“What, that we both ended up in emergency rooms a lot?”
That brought a sad laugh.
“No. Your spirit is like hers was before the medicines sapped the joy.” He took a sip out of his glass. “In the last few years, all she worried about was money.”
“I know that feeling.” She stared into the glass. “After Psycho got arrested, I found all the bills from the nudie bars he was at when he wasn’t beating the fuck out of me. Finally paid the last one six month ago.”
She began to shift uncomfortable. “Help me up. My leg is going numb.”
He brought his hands under her arms to lift her. Her thin, rose covered arms went around his neck and his right hand found a home at the base of her spine. They began to dance under the maple tree. A song softly came from her.
“Step to the left. Step to the right. Middle of the Floor, feels safe tonight…”
She snuggled in a little closer. She had a bald spot at the crown of her head. Kissing it brought a contented purr.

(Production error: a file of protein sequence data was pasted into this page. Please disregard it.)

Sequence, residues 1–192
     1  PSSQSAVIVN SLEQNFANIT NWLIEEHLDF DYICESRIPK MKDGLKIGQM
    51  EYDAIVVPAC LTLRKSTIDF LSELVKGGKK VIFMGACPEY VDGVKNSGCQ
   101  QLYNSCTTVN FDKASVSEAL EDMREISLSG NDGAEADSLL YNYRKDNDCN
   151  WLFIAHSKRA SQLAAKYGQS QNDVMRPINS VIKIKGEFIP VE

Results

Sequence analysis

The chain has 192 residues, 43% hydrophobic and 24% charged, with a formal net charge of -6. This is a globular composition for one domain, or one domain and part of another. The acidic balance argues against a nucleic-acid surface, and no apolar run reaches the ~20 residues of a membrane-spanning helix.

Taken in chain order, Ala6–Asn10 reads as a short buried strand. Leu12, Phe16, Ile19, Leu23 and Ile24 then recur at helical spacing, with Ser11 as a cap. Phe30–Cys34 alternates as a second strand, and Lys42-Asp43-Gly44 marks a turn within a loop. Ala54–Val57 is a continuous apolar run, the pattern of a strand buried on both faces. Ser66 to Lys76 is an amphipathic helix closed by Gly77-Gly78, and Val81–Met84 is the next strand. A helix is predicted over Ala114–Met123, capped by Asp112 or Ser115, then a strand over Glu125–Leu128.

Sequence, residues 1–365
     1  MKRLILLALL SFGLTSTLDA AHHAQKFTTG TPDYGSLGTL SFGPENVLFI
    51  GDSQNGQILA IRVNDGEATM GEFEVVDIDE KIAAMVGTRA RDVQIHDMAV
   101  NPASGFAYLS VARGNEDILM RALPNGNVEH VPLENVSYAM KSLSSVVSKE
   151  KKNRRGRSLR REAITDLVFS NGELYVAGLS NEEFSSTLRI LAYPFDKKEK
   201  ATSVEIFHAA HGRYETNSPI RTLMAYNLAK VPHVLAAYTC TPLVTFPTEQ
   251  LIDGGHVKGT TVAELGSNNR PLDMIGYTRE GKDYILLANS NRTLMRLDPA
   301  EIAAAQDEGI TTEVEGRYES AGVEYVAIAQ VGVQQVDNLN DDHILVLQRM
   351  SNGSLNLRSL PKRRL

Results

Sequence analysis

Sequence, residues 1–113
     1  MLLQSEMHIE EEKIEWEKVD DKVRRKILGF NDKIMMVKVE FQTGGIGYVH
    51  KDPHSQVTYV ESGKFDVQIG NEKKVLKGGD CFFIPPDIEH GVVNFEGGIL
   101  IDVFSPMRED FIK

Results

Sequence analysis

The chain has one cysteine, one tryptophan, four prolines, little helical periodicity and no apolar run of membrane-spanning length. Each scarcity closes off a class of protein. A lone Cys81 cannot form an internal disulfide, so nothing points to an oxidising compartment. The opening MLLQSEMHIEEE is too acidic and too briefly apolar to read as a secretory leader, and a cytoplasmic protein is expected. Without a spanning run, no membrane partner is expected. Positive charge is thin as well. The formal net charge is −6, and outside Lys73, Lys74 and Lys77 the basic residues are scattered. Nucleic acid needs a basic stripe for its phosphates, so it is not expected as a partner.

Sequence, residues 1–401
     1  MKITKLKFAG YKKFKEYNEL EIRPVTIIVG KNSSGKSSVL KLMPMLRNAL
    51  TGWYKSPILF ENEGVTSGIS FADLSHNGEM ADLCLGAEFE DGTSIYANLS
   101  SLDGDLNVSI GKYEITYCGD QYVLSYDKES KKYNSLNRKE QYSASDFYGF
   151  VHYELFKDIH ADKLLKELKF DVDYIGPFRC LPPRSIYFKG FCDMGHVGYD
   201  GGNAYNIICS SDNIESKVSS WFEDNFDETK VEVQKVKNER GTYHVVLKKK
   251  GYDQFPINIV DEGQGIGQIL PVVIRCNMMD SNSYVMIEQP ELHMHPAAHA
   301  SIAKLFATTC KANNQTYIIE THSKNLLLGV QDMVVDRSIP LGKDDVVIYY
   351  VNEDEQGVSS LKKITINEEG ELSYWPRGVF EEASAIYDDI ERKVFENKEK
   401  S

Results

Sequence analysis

“…Dancing on, the edge of a dream. Move in close, will I like what I see?”
The rain began to fall and Holly began to giggle.
“When I was a little girl, I use to love to run in the rain and dry myself in the forest breeze. Ma said I would catch my death doing it. I would always wear the same pink dress, a shear top and ruffled skirt.” A very wicked grin opened up. “You could see everything through the wet fabric. But I didn’t care. I felt so free in the rain. I ran naked one time when Ma was out of town. It was me, water dripping skipping down the path to the woods to let the air dry me like a sheet.”
With a small turn, the dance went around the tree.
“Amy and I would do something like that when we were dating.” Sadness filled his voice. “Run in the rain until we were soaked to the skin. Then we spend the rest of the day taking drying each other with soft cotton towels. I can still hear the cackling as the towel tickled across her privates.”
“Did it happen anymore after you got married?”
His voice broke.
“We did one last time about two weeks before she died. Right over there near the gazebo. She wasn’t feeling joy, just sadness and pain. The smile came back a bit, but it wasn’t the same.”
Bart laid his heaving head to her shoulder, letting the rain fall on her as they danced on. As the storm passed, she whispered in his ear.
“This going very fast.”
“Ever been on a rollercoaster and the car is near the top?”
“Well, we’re seatmates. We are riding this to the end.”
The kiss seemed to last forever.
Song Lyric: Edge of a Dream. Song in Her Head © 2009 Sarah Jarosz